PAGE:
over. Despite America’s obesity epidemic, many older
adults eat too little, resulting in unintentional weight
loss. Underweight is a recognized risk factor for disease
and disability. The investigators conclude that snacking
is an important dietary behavior among older adults and
propose promoting the consumption of healthful snacks.
They suggest that nutrition education may be easier and
more effective when it encourages increased energy in-
takes between meals rather than during meals. Practical
advice on healthful snacking from RDs would be well
received by older adults, who are eager for nutrition guid-
N. S. Wellman is a professor and director, National
Resource Center on Nutrition, Physical Activity,
and Aging, Department of Dietetics and Nutrition,
Stempel School of Public Health, Florida International
Address correspondence to: Nancy S. Wellman, PhD,
RD, FADA, National Resource Center on Nutrition,
Physical Activity, and Aging, OE 200, Florida Interna-
tional University, Miami, FL 33199. E-mail: Nancy.
Copyright © 2007 by the American Dietetic
© 2007 by the American Dietetic Association
Journal of the AMERICAN DIETETIC ASSOCIATION
ance that will help them maintain their health and inde-
The study by Almanza and colleagues (12) illustrates
the vital nature of secondary nutrition prevention in risk
reduction among older adults. Many older adults are
more susceptible to foodborne illness because of a com-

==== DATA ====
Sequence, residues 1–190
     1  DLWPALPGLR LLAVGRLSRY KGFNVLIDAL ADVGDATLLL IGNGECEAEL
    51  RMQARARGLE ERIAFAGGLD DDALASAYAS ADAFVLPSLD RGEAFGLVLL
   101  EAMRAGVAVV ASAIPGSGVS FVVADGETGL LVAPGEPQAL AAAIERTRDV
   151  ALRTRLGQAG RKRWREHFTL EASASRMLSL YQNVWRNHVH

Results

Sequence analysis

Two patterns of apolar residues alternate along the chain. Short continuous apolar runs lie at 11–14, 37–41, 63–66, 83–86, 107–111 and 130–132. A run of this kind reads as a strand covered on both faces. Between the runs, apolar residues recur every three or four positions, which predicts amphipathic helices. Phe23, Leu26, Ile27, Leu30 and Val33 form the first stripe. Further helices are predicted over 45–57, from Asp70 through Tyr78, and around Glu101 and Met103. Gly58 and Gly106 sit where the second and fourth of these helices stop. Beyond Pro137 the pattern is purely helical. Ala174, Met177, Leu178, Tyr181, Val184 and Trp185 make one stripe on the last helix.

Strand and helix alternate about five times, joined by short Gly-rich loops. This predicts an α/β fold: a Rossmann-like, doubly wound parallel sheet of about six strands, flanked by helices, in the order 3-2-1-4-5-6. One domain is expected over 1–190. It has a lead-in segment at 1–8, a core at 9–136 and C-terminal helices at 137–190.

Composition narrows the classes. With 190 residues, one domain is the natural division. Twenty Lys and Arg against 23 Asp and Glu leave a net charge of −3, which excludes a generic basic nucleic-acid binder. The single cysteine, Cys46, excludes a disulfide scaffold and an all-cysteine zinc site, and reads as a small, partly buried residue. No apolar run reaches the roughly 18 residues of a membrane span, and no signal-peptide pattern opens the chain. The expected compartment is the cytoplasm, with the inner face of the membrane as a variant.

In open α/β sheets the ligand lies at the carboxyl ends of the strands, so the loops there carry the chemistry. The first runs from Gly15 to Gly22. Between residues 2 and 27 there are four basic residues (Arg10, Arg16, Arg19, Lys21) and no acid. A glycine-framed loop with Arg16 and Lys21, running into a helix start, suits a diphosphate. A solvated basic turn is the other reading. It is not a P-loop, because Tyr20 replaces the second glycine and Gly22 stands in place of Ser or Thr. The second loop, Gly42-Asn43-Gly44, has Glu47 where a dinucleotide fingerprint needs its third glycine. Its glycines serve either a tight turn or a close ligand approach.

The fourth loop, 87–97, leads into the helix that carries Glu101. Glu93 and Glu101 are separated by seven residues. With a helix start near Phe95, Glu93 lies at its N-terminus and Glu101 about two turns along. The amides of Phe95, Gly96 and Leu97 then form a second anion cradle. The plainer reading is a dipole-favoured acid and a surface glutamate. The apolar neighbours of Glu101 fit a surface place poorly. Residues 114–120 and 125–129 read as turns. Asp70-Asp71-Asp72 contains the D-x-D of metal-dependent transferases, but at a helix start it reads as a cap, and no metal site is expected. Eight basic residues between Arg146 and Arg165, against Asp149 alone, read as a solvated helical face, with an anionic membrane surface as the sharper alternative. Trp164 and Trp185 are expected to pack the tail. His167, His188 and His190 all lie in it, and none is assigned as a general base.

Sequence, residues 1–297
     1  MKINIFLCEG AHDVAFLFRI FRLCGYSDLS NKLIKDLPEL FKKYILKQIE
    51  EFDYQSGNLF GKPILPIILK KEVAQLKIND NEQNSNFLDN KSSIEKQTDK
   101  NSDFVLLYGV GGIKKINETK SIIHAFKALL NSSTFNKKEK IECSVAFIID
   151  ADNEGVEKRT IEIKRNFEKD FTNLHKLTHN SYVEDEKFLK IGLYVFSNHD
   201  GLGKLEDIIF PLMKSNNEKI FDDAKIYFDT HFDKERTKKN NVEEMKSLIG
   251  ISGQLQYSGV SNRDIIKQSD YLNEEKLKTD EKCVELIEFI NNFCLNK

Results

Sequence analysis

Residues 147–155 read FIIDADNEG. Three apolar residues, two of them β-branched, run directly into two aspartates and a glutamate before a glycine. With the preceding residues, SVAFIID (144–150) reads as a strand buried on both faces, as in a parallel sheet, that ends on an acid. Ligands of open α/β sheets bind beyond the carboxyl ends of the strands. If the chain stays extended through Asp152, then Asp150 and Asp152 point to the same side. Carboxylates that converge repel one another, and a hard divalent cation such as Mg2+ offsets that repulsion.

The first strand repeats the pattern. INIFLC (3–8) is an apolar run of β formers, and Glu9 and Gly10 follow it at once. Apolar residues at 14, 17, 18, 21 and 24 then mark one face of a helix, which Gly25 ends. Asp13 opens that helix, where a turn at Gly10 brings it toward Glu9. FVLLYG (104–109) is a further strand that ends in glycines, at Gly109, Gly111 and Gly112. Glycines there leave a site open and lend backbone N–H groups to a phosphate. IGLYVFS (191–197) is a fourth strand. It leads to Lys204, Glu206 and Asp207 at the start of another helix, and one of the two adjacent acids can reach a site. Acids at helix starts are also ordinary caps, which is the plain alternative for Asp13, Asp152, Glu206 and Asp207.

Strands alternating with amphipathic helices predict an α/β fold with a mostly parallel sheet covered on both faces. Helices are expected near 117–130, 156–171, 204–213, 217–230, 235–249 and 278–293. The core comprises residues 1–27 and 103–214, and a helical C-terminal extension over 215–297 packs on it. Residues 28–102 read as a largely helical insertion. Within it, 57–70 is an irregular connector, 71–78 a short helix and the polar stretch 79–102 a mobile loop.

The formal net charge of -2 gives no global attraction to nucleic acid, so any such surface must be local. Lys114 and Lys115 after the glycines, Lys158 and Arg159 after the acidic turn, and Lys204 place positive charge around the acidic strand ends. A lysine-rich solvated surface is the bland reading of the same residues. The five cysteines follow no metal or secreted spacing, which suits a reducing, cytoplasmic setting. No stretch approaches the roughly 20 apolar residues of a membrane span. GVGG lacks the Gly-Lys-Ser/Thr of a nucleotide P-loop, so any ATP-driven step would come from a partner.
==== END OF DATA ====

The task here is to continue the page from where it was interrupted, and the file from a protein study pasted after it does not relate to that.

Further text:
promised immune system, decreased hydrochloric acid in
the stomach, and lessened senses of smell and taste. The
study shows the need to increase the knowledge of home-
delivered meal recipients regarding proper food handling
and storage at home to reduce the risk of foodborne ill-
ness. To protect frail, homebound meal recipients, those
involved in meal preparation and delivery should be
trained to adhere strictly to safe food handling practices.
However, too few Older Americans Act Nutrition Pro-
grams employ RDs in direct service, training, or program
administration (14). The evidence by Almanza and col-
leagues can be used to justify the need for greater avail-
ability of bona fide nutrition expertise within the largest
federal community nutrition assistance program for older
Another study in this issue of the Journal provides an
example of the need for nutrition as both primary and
secondary prevention. In the study by Desai and col-
leagues (13), the environmental change or primary pre-
vention was a modification in the type of food service in a
long-term care facility from a traditional centralized pre-
plated service to a cafeteria-like system. As a result, and
perhaps more importantly, there was a secondary preven-
tion impact also. Residents at risk (ie, those with cogni-